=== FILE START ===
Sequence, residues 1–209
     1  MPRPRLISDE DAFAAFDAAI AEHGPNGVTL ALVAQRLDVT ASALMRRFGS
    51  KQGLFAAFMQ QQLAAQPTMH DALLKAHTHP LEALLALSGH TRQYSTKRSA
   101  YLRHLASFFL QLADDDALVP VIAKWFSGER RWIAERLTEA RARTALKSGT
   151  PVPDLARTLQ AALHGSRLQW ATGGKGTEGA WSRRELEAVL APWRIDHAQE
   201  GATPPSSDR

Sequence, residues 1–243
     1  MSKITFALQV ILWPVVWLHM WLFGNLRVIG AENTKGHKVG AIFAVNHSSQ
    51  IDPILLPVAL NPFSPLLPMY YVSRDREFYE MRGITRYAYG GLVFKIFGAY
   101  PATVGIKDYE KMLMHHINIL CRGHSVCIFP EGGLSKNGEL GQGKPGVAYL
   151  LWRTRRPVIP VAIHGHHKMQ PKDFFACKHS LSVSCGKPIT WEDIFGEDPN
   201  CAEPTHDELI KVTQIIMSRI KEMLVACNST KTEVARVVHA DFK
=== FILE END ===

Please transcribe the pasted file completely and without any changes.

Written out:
Sequence, residues 1–209
     1  MPRPRLISDE DAFAAFDAAI AEHGPNGVTL ALVAQRLDVT ASALMRRFGS
    51  KQGLFAAFMQ QQLAAQPTMH DALLKAHTHP LEALLALSGH TRQYSTKRSA
   101  YLRHLASFFL QLADDDALVP VIAKWFSGER RWIAERLTEA RARTALKSGT
   151  PVPDLARTLQ AALHGSRLQW ATGGKGTEGA WSRRELEAVL APWRIDHAQE
   201  GATPPSSDR

Sequence, residues 1–243
     1  MSKITFALQV ILWPVVWLHM WLFGNLRVIG AENTKGHKVG AIFAVNHSSQ
    51  IDPILLPVAL NPFSPLLPMY YVSRDREFYE MRGITRYAYG GLVFKIFGAY
   101  PATVGIKDYE KMLMHHINIL CRGHSVCIFP EGGLSKNGEL GQGKPGVAYL
   151  LWRTRRPVIP VAIHGHHKMQ PKDFFACKHS LSVSCGKPIT WEDIFGEDPN
   201  CAEPTHDELI KVTQIIMSRI KEMLVACNST KTEVARVVHA DFK